By Adam Hunt
COPA Flight 8 invited Rob Bishop, senior pilot specialist with Nav Canada to come and brief us on airspace and other recent and future changes affecting our area of the country, southern Ontario.
Bishop’s briefing was quite extensive and included Windsor- Toronto-Montreal (WTM) Review, Ottawa area airspace changes, nav aids, RCO Redesign, Weather Systems (AWOS/LWIS/Wx Cam), ADSB in Canada, E-Pubs and Internet Flight Plans. A lot to cover in about 90 minutes! The subject is obviously of interest to local pilots as
Flight 8 members almost filled the Ottawa Flying Club’s upper lounge to capacity.
After a quick general outline of what Nav Canada is, Bishop launched into the WTM Airspace Review. On a series of maps he showed the identified problems and the arrived-at solutions that were implemented on 9 Feb. 9, 2012.
The highly congested southern Ontario airspace suffered from a very complex collection of airspace classifications and altitudes. The company has now simplified these while attempting to accommodate VFR traffic in this busy IFR-traffic area, mostly with vertical separation.
The southern part of the area now has a controlled airspace floor at 2,500 feet ASL and 3,500 feet ASL in the northern area, eliminating all use of AGL based airspace.
The airspace around Toronto saw specific changes to allow more organized training areas under the controlled airspace in every direction from Toronto, except over Lake Ontario. Dedicated, but non-mandatory, frequencies were allocated for air-to-air communication for traffic separation.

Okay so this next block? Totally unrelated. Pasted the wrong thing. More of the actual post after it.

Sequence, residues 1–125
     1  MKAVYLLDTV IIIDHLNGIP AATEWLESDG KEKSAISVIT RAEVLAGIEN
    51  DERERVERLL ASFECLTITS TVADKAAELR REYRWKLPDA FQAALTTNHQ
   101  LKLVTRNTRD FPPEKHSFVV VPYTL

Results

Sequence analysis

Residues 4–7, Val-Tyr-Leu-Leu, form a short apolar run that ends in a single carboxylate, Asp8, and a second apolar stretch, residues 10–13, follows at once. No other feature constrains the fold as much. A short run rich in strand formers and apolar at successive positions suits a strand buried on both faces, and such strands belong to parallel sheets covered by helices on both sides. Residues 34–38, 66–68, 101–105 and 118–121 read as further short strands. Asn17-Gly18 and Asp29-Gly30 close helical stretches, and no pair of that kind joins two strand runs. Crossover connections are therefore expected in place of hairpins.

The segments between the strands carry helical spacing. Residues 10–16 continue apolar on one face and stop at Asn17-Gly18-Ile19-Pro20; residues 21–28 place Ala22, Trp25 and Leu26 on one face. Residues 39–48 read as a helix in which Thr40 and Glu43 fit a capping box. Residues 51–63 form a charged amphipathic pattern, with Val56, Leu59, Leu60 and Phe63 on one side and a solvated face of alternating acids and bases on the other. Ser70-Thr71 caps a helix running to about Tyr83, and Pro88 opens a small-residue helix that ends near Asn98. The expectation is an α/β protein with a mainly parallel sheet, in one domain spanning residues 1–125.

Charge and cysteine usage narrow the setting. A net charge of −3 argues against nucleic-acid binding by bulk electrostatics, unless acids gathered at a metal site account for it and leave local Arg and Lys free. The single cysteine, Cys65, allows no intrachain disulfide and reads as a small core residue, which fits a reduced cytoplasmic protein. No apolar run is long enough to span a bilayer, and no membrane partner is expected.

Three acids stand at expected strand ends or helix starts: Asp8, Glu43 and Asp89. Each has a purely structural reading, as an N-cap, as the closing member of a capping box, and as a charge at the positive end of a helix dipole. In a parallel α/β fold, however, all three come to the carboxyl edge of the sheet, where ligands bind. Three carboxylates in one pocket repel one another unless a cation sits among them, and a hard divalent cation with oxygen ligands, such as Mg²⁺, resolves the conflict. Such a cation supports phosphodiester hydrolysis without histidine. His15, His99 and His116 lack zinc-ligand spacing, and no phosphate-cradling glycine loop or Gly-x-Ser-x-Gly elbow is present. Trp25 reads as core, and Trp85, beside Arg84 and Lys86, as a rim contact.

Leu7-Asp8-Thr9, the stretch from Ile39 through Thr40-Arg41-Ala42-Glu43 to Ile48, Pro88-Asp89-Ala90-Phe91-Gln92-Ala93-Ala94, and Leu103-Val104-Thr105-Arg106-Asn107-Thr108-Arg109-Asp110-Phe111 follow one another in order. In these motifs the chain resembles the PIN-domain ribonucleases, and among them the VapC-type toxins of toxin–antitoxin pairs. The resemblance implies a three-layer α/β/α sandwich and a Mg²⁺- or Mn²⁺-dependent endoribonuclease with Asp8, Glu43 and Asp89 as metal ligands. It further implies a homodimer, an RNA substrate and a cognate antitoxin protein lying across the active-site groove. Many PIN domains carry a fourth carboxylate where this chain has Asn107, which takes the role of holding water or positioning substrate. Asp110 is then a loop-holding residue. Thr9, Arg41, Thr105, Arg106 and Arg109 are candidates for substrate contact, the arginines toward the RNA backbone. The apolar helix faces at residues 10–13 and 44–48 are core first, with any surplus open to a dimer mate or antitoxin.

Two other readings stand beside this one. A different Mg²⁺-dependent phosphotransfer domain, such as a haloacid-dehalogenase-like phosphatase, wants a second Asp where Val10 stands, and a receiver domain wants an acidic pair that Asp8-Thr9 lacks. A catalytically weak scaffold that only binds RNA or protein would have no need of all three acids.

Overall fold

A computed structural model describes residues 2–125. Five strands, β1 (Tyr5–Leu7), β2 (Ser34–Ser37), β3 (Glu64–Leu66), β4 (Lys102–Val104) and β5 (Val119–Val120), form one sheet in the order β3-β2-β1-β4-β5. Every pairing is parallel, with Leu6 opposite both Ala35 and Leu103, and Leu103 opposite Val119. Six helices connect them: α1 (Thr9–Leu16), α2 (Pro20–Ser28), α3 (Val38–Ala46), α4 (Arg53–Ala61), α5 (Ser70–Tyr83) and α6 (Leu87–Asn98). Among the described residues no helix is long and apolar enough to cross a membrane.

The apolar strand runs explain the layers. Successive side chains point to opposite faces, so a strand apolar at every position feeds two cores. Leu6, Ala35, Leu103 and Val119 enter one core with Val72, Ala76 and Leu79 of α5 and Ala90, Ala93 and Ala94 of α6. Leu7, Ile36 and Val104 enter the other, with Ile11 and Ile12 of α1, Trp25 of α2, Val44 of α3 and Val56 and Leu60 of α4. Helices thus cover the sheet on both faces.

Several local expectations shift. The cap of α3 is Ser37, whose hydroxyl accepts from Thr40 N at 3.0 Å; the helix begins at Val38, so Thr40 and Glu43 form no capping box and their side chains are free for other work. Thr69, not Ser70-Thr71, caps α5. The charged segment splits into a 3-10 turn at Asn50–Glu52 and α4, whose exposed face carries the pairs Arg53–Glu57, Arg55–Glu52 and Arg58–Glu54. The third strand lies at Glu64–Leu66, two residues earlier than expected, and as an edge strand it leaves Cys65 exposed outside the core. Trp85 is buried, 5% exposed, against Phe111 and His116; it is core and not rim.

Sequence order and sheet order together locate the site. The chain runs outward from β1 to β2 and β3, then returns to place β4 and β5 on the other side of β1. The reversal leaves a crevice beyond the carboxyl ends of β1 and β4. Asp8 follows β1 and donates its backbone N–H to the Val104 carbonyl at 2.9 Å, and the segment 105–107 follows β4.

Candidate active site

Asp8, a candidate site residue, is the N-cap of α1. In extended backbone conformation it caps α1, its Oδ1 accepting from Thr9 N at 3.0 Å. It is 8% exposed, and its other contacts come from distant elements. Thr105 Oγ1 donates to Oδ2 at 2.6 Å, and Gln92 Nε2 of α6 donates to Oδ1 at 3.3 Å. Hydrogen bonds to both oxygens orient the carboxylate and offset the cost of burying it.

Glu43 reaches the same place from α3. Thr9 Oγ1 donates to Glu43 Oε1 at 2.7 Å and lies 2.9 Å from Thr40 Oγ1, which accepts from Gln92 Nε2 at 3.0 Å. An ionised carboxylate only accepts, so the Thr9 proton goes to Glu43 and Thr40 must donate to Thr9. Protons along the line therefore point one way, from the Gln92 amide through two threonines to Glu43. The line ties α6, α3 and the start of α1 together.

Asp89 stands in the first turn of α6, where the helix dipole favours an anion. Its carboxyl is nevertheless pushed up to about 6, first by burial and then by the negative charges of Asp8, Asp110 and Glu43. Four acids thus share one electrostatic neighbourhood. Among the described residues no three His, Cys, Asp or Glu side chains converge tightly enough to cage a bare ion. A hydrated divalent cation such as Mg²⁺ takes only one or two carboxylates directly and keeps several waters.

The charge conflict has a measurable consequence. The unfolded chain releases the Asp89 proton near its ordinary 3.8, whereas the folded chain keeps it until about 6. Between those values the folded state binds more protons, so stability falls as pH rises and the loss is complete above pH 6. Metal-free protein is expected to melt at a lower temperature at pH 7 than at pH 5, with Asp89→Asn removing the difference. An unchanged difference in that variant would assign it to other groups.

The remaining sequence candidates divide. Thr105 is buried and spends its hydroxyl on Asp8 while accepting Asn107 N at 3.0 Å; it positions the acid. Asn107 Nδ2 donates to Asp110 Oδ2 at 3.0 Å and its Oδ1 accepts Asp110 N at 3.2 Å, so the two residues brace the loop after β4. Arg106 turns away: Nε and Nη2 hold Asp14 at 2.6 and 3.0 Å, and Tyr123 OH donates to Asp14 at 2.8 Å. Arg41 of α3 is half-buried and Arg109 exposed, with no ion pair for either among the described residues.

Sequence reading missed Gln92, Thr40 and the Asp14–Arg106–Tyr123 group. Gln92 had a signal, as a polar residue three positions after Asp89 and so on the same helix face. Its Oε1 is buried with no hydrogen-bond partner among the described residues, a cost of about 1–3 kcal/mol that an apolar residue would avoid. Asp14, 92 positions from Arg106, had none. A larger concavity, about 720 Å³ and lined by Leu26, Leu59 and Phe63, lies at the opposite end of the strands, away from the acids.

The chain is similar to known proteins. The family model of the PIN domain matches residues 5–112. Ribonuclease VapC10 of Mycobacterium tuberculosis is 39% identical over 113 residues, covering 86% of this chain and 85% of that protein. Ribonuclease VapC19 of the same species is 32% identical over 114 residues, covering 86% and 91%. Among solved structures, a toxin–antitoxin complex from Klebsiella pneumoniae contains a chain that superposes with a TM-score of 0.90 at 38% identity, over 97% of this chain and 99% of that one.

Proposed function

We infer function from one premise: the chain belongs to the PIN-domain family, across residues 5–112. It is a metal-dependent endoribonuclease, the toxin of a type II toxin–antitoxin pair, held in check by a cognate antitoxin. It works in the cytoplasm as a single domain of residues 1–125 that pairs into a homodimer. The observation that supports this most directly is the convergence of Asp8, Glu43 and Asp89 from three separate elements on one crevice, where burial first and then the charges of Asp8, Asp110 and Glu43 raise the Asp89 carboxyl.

Adjustments were also made to Toronto City Centre’s and Buttonville’s control zones so that they now butt up against each other. Brampton’s terminal area cut-out was enlarged.
These and other changes to both VFR and IFR traffic procedures will result in an annual reduction of 14,300 metric tons of greenhouse gas emissions, save $4.3 million in fuel costs and reduce cumulative flight time by over 10 hours a day.
Nav Canada determined that more than 98% of all IFR traffic operating in the corridor have RNAV capabilities, meaning equipped with IFR GPS or DME/DME/INS equipment.
This allowed a great deal of streamlining in IFR routing away from traditional nav aids, like VOR and NDBs.
The company was able to create new RNAV STAR procedures at CYOW, CYUL and CYYZ and new RNAV SID procedures at CYYZ, while also making changes to the Canadian Flight Supplement (CFS) preferential routes for both the Toronto and Montreal FIRs.
It also allowed doing away with the conventional STAR procedures at CYOW and CYUL, as well as some old VHF airways between Toronto and Quebec City. Aircraft without IFR RNAV can still be accommodated using traditional NDB and VOR nav aids.
These changes all resulted in some new aviation language. Introduced recently are Q-routes (high level, controlled, RNAV routes), T-routes (low-level, controlled, RNAV routes) and Lroutes (low-level, uncontrolled, fixed RNAV routes).
Nav Canada has also launched a new website called “On Board” http://onboard-abord.ca/ to keep pilots updated on airspace, procedures and nav aid changes.
In the Ottawa area Bishop covered changes to the downtown restricted areas, CYR537 Parliament Hill and CYR538 Rideau Hall. These have grown from a cap of 1,500 feet to 3,000 feet and from 0.25 nm to 0.35 nm in radius and belong to the RCMP.